U.S. Soldier Missing From Korean War Identified (Reynolds)

Release No: 11-055 Nov. 28, 2011 PRINT | E-MAIL

The Department of Defense POW/Missing Personnel Office (DPMO) announced today that the remains of a U.S. serviceman, missing in action from the Korean War, have been identified and will be returned to his family for burial with full military honors.

Army Cpl. Theodore A. Reynolds, 19, of Syracuse, N.Y., will be buried on Dec. 1, in his hometown. In November 1950, Reynolds, who was serving in the Company B, 2nd Chemical Mortar Battalion attached to the 8th Cavalry Regiment of the 1st Cavalry Division, went missing in action during a battle near Unsan, North Korea. In 1951, information obtained from the Chinese showed the Reynolds had been captured, and held as a prisoner of war. In 1953, American soldiers who were returned as part of a POW exchange confirmed that Reynolds had been captured by Chinese forces, and died in POW Camp 5, on the Yalu River of North Korea, from lack of medical care and malnutrition in 1951.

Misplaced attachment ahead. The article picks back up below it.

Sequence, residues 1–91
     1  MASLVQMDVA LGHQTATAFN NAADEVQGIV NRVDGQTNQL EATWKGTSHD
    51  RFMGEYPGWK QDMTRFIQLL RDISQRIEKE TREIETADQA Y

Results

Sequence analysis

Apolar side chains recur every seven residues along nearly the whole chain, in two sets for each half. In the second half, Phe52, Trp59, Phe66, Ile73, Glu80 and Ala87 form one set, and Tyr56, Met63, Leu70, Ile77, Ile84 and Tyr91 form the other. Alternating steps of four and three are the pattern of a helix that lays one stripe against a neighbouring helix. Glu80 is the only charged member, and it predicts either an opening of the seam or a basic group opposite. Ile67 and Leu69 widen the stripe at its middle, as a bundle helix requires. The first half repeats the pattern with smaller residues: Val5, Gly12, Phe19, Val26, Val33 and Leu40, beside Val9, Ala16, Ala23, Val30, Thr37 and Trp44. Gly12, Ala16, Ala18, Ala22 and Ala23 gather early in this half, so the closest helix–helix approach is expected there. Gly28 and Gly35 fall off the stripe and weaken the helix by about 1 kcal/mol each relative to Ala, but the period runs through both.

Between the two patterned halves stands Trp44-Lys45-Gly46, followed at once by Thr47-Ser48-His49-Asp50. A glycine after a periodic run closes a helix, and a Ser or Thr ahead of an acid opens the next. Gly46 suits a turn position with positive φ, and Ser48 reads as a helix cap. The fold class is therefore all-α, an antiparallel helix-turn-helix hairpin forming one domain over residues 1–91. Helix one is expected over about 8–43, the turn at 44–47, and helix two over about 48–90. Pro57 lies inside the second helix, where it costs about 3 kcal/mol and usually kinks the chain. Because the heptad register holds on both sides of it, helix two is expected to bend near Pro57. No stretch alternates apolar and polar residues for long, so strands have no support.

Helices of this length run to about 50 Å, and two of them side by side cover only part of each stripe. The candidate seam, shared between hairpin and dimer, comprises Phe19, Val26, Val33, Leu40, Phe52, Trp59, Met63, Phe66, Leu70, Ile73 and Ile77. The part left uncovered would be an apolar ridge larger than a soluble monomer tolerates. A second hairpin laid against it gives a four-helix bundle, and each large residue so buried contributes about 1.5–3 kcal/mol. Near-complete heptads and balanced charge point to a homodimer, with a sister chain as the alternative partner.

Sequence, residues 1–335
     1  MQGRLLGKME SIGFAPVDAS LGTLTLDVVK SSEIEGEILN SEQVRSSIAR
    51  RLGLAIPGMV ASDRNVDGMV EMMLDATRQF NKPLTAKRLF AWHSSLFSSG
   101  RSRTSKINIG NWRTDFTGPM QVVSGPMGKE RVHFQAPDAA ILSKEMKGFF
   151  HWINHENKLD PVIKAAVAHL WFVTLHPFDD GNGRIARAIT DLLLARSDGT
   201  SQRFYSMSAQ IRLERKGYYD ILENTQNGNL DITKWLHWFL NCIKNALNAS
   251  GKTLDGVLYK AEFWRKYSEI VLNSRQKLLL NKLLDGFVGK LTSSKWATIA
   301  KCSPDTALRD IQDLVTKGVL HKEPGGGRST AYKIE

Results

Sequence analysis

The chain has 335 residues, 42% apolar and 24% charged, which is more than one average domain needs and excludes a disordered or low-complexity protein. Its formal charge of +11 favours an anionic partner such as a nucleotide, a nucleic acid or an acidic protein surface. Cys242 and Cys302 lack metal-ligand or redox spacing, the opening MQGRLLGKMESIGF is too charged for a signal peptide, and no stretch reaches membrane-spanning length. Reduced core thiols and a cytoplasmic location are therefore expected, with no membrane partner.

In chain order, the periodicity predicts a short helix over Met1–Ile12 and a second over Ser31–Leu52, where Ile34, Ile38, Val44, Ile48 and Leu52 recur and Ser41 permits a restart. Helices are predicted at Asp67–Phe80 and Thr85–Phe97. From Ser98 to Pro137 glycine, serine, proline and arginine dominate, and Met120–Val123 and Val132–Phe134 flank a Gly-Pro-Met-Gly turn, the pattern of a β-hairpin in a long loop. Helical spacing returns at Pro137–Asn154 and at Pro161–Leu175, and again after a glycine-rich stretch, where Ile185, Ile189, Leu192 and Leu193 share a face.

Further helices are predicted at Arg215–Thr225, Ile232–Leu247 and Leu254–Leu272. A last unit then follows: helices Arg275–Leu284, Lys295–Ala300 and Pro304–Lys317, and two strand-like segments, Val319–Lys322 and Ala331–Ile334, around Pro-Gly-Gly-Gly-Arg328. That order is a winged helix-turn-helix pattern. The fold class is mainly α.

In 1954, during Operation Glory, China turned over remains of U.S. servicemen who died in the Korean War. At the time, the Army was unable to identify Reynolds and the remains were buried as "unknown" at the National Memorial Cemetery of the Pacific in Honolulu.

In 2009, the Joint POW/MIA Accounting Command (JPAC) re-examined the records and concluded that because of advances in identification technology, the remains could be exhumed and identified. Scientists from the JPAC were able to analyze the remains and identified Reynolds.

Along with forensic identification tools and circumstantial evidence, scientists from the JPAC used dental records in the identification of Reynolds’ remains.

For additional information on the Defense Department’s mission to account for missing Americans, visit the DPMO web site at www.dtic.mil/dpmo or call (703) 699-1420.